Out of all the Republican presidential debates so far, never has the issue of bailing out Detroit’s automakers taken center stage as much as it did in Phoenix Thursday night.
For good reason: Michigan’s primary was Tuesday and former Massachusetts Gov. Mitt Romney is trying to make a stand in the auto making state, the place where he grew up as son of former governor George Romney.
Even though they tried to score points from each other, Romney, former senator Rick Santorum and former speaker Newt Gingrich seemed to agree more than disagree when it came to auto bailouts. The other GOP hopeful, Rep. Ron Paul, sat out that part of the discussion. What they said:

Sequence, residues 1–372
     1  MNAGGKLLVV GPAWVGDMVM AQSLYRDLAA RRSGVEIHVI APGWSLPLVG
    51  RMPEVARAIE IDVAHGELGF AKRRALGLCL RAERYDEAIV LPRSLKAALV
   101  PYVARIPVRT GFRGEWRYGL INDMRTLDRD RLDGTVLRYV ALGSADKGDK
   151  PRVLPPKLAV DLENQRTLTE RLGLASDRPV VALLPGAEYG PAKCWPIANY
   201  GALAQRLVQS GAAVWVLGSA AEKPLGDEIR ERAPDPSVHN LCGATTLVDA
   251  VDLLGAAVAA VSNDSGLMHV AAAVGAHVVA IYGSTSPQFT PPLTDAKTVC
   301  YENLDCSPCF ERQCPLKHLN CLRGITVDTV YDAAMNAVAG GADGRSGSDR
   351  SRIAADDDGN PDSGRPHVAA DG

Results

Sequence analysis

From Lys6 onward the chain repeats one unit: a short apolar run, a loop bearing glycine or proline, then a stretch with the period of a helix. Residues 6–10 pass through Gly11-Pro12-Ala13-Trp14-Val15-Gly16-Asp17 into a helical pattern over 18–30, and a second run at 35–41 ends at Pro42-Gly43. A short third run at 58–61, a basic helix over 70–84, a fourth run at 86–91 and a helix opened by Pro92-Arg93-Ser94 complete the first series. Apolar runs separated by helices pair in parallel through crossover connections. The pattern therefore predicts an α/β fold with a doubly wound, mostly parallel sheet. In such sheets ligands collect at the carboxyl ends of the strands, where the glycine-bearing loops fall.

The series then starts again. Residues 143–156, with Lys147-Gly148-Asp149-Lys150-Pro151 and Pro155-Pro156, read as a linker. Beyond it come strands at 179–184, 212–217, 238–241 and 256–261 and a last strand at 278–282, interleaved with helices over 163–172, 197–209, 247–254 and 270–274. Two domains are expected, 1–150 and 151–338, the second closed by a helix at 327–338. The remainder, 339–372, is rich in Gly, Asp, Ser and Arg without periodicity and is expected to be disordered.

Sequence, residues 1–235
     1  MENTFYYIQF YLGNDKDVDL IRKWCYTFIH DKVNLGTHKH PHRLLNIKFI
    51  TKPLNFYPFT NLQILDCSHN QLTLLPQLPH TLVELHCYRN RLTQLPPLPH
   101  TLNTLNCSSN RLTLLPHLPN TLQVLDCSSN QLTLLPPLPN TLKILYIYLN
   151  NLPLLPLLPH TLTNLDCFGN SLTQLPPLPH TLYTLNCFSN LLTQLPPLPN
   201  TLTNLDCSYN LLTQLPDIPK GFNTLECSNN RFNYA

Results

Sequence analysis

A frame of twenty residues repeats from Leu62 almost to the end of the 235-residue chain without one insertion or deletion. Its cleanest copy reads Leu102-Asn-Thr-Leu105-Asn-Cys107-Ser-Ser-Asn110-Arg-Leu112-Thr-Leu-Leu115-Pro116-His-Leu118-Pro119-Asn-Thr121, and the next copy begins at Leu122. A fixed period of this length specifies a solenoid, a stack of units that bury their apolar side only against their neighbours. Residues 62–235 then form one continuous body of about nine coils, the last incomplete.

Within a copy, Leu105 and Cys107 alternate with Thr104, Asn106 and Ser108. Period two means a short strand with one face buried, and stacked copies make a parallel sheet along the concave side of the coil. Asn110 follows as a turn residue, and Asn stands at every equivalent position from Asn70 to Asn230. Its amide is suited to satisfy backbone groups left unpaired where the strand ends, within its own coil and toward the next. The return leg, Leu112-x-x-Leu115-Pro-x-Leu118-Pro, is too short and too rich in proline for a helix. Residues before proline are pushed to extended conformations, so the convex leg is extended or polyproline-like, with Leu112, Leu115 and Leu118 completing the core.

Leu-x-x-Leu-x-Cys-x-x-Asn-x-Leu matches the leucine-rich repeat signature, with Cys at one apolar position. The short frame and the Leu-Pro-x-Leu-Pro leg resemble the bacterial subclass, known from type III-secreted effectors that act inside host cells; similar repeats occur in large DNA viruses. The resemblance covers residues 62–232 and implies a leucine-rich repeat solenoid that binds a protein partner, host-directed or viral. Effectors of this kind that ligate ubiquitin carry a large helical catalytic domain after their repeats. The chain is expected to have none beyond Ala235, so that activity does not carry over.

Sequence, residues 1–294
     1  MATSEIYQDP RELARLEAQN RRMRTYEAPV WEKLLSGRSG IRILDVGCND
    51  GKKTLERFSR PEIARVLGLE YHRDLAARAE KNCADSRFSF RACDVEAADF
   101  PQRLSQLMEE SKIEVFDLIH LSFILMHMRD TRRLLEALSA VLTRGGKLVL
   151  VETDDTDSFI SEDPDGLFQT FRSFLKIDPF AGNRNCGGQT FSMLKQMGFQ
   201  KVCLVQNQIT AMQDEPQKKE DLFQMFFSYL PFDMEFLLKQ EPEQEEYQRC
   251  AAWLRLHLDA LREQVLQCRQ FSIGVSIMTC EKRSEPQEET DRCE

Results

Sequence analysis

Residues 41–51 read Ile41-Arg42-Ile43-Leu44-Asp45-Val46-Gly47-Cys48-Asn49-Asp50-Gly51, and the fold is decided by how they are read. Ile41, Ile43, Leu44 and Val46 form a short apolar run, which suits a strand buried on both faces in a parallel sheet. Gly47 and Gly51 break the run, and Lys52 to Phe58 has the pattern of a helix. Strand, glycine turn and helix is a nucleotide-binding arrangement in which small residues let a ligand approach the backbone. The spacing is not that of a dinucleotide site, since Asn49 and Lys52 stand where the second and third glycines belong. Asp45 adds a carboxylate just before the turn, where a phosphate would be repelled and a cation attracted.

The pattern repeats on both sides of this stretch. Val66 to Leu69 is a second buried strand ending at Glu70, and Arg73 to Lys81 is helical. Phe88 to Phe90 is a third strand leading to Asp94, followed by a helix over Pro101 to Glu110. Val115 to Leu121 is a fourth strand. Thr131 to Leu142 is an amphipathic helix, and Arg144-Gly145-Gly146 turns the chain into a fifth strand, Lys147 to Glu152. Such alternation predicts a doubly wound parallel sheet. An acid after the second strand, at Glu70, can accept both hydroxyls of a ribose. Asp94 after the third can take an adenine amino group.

Santorum said he opposed the government bailout of Wall Street and has no affection for the government stepping in to salvage Detroit automakers, but he questioned why Romney also wouldn’t have saved the automakers, but supported saving Wall Street.
Romney said automakers should not have been bailed out and should have gone through managed bankruptcies. “We need to have industries in trouble go through bankruptcy.” He said in the case of Wall Street, he feared that the country might lose all its banks.
Gingrich said a “huge amount” of the auto industry did just fine while Detroit makers were struggling — import brands like Toyota, BMW and Mercedes-Benz that have plants in the U.S. He agreed with Romney, saying that Detroit automakers should have faced the bankruptcy process instead of a bailout. He blamed President Obama for paying off the United Auto Workers union for its help in his election at the expense of “every bondholder.”